Platinum-group element mineralisation in the Unst ophiolite, Shetland

Gunn, A.G.; Leake, R.C.; Styles, M.T.. 1984 Platinum-group element mineralisation in the Unst ophiolite, Shetland. British Geological Survey, 135pp. (WF/MR/85/073) (Unpublished)

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The ophiolitic basic and ultrabasic rocks of the island of Unst, Shetland comprise a sequence of harzburgites, dunites, clinopyroxene-rich cumulates, and gabbro, within tectonic blocks that have been thrust over a migmatite complex during the Laxer Palaeozoic. Concentrations of chromite are found in the harzburgite and dunite, and to a small extent in the pyroxene cumulate rocks. They occur as disseminations, sometimes forming millimetre scale layers, and as more massive schlieren and pods of chromitite. Five alteration or hydrothermal events have been recognised in the ultrabasic rocks. These comprise early pervasive serpentinisation, later fracture controlled serpentinisation, veining and pervasive carbonation, minor late serpentine veining and talc-carbonate alteration controlled by fault zones. Exploration for platinum group element (PGE) mineralisation uas carried out using a combination of drainage, overburden and rock sampling. Analyses of PGE were obtained by fire assay followed by either neutron activation analysis or flameless atomic absorption spectrometry, and up to 20 other elements Here determined by X-ray fluoresence analysis. Panned concentrate samples were taken from 73 drainage sites distributed throughout the complex. Ir, the only PGE determined in all samples, showed a greater concentration in samples derived from the harzburgite unit than those from other units. Lox amplitude anomalies are present in three discrete areas in the harzburgite but the maximum level of 210 ppb Ir is associated with a sample derived from a prominent N-S zone of faulting and hydrothermal activity markedly discordant to the regional trend of layering in the harzburgite and dunite. This discordant zone, which extends for at least 7 km, is also marked by samples containing enrichments in Fe, Co, Ni, Cu and As. The highest Cr levels are associated with an area in the north of the harzburgite with no previous history of chromite working but where many locally derived pieces of chromitite float have been discovered. Relatively high Cr levels are also associated nith the area of dunite containing the greatest concentration of visible chromite and old norkings. A technique of collecting panned heavy mineral concentrates from overburden samples was adopted as a reconnaissance exploration technique after orientation sampling in the harzburgite unit at Cliff, an area with high PGE levels in chromitite and associated dunite. Systematic sampling in the Cliff area outlined a zone of coincident Pd, Pt and Rh enrichment near to but separate from the chromite workings knorrn to be enriched in PGE. In contrast the distribution of Ru was entirely different with scattered lon amplitude anomalous zones and a maximum anomaly 300m from the chromite-rich zone. Reconnaissance lines were sampled at other locations within the harzburgite, dunite and cumulate units. Lore amplitude Pd and Pt anomalies were detected xithin the dunite unit, especially in 'a traverse across the trace of the prominent N-S fault zone at Helliers Uater, adjacent to the outcrop of the cumulate unit. In general the overburden data suggest some association between PGE enrichment and enhanced levels of Ni relative to typical silicate levels apparent when expressed as the ratio Ni/MgC. Rock samples Here collected from all parts of the complex, including most of the main chromitite workings. Very high levels of all PGE occur in samples of chromitite, chromite-rich dunite and dunite from the Cliff area, with a strong positive intercorrelation between all PGE. The proportions of the various PGE are very similar to those present in deposits in major layered basic/ultrabasic complexes like Bushveld and Stillwater, irith strong relative enrichment in Pd and Pt. These PGE proportions are completely different from the Ru-Ir-0s dominant assemblage typical of ophiolitic rocks. Associated with high levels of PGE are enrichments in Ni, Cu, As, Sb and Te. There is no correlation rrith Cr and some samples of chromitite from the Cliff area contain only background levels of PGE. High to moderate levels of PGE with the same proportions of elements as the Cliff samples also occur in samples of chromitite and serpentinised dunite from the dunite unit and in samples of pyroxenite from the cumulate unit, In contrast PGE-rich samples of chromitite from the harzburgite unit near Harold's Grave have entirely different proportions of PGE with Ru and Ir in greatest abundance. This PGE distribution is similar to that in some background samples of harzburgite and closely resembles the pattern found in typical ophiolites. The PGE in the Harold's Grave samples do not exhibit the Ni enhancement noted in the Cliff PGE mineralisation. In samples from the Cliff area the platinum-group minerals (PGM) sperrylite, stibiopalladinite, hollingnorthite, laurite and possibly irarsite have been identified, mostly as grains less than 10 microns in size. In chromite-rich rocks these minerals occur Rithin chlorite haloes around chromite, in the blackened altered rims of chromite grains and in interstitial Ni-rich serpentine/carbonate intergroxths in association with pentlandite, orcellite and other Ni sulphides and arsenides, sometimes spatially related to chlorite-carbonate-magnetite veins. They also occur as fine grains Rithin magnetite rims around chromite and in magnetite or carbonate veins in dunite. The Ni sulphide/arsenide assemblage associated Rith the PGH is characteristic of serpentinisation at temperatures less than 500'C, Rell belox the range of magmatic conditions. A hydrothermal origin for the PGE mineralisation is proposed, probably related to the second phase of serpentinisation. This involved the redistribution of Ni accompanied by the introduction of As, Sb and Te probably with a StrUCtUral Control. Pre-existing concentrations of chromite may have acted as a precipitation barrier causing rich PGH deposition in the alteration haloes around chromite grains. Continuous borehole or trench sections through mineralised zones are required to assess the economic significance of the PGE mineralisation. Nevertheless the high levels of PGE attained and the evidence of xidespread occurrence of the Cliff-type PGE enrichment are favourable indications. The PGE enrichments found in the cumulate complex are of potential interest as they may originally have been of magmatic origin. Larger tonnage targets may therefore be present in this unit compared Rith the likely size of structurally-controlled mineralisation elswhere in the complex.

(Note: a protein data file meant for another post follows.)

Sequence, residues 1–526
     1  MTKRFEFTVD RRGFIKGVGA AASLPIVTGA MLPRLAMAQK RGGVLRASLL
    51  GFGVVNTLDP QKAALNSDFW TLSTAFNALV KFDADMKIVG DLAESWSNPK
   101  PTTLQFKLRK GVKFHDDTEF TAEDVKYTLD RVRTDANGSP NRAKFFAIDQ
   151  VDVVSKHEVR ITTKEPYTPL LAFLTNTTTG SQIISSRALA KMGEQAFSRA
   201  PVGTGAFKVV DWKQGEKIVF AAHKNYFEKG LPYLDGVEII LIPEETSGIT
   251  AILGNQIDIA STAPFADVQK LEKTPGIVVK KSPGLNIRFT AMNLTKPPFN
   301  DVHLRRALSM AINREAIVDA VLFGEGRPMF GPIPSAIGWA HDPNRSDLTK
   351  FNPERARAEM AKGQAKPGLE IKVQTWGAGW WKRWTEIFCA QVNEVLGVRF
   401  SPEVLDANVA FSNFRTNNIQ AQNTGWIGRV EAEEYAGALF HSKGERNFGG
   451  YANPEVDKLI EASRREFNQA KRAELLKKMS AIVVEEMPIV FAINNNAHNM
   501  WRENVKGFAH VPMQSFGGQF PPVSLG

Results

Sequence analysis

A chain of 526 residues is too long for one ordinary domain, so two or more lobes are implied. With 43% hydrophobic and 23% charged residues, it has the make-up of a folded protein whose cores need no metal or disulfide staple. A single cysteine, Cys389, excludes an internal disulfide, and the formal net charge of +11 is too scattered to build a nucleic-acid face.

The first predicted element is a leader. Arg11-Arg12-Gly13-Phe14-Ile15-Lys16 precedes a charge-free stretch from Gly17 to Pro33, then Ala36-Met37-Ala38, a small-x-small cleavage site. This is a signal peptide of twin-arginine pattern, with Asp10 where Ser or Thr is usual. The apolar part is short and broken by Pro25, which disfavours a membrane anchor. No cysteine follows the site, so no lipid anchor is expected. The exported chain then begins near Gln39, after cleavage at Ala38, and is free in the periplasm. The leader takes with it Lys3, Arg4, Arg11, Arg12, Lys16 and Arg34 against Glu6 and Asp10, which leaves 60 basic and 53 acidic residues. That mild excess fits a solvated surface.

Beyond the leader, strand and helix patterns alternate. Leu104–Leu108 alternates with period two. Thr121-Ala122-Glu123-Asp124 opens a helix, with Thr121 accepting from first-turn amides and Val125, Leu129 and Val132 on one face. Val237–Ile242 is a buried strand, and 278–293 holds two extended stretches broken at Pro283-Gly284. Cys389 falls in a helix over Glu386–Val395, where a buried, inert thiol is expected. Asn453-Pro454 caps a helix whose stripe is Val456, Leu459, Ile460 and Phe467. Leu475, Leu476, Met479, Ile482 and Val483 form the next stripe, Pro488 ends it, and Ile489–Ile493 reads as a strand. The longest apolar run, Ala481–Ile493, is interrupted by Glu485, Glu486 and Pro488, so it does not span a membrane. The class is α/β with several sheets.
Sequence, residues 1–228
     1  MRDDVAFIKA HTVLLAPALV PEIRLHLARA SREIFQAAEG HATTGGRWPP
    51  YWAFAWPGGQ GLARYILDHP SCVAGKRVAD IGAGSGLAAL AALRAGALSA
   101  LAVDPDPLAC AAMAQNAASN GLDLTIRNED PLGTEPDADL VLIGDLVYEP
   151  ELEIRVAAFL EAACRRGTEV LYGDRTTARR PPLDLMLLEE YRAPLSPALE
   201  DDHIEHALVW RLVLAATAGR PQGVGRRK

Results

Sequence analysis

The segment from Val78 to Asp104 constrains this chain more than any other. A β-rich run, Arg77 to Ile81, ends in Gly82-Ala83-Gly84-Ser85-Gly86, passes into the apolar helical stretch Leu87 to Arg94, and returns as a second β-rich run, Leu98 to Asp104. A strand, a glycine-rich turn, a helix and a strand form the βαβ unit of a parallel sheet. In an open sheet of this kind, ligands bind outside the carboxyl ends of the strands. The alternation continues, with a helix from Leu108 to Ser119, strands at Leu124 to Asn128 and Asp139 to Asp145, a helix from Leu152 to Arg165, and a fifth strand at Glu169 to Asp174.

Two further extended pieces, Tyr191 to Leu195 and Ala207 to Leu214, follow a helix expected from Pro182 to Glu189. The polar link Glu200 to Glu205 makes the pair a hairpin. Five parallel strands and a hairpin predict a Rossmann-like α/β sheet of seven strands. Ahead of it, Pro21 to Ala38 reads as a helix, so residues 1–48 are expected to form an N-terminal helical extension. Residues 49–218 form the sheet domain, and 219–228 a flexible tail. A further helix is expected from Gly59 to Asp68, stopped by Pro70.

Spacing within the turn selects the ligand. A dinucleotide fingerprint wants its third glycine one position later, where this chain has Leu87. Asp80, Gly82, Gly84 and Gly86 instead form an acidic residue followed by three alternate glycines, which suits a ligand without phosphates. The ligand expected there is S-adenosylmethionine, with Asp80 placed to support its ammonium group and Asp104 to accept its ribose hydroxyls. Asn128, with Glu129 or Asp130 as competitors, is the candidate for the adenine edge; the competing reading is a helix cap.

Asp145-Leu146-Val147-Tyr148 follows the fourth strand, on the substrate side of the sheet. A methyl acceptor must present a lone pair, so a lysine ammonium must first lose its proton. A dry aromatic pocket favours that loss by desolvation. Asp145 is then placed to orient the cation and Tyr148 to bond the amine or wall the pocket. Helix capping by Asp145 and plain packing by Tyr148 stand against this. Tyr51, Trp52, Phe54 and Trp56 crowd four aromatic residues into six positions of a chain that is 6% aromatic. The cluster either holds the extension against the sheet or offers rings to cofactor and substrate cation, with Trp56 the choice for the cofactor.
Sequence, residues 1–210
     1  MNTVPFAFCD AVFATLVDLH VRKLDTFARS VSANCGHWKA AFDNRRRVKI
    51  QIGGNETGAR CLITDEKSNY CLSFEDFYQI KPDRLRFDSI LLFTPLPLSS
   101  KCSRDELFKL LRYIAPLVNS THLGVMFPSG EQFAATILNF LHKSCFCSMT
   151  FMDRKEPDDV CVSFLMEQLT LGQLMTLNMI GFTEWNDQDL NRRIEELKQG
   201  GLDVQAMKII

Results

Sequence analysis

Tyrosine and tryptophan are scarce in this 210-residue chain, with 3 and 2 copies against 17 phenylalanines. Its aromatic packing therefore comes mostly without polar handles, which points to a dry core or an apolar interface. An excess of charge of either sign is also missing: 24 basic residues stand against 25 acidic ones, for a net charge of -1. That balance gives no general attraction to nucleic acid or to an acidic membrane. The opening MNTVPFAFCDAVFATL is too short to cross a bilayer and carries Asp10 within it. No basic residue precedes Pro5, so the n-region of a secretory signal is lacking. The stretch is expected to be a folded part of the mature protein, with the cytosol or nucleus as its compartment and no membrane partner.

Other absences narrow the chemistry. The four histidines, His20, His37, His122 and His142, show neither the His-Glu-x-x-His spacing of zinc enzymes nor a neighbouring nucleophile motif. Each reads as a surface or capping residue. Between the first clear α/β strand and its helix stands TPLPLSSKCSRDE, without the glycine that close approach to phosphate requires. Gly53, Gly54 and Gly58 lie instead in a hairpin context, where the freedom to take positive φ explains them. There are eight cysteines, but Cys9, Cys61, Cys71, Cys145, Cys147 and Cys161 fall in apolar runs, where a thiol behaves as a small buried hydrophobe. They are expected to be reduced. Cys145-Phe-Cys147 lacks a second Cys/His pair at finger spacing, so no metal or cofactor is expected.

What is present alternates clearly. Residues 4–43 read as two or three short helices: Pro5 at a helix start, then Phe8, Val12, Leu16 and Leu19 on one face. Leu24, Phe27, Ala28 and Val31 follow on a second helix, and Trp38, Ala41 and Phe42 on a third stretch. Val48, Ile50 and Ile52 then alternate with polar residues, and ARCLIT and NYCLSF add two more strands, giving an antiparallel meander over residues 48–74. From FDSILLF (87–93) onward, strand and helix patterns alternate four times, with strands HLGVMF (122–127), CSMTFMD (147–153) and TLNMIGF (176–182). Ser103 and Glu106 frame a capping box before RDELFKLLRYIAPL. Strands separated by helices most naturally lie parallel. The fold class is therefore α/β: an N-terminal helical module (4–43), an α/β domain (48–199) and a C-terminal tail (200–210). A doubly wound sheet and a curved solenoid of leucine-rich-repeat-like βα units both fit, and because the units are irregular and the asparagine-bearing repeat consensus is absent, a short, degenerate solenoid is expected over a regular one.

Item Type: Publication - Report
Programmes: BGS Programmes > Other
Funders/Sponsors: NERC
Additional Information. Not used in RCUK Gateway to Research.: This item has been internally reviewed but not externally peer-reviewed
NORA Subject Terms: Earth Sciences
Date made live: 28 Oct 2010 11:04 +0 (UTC)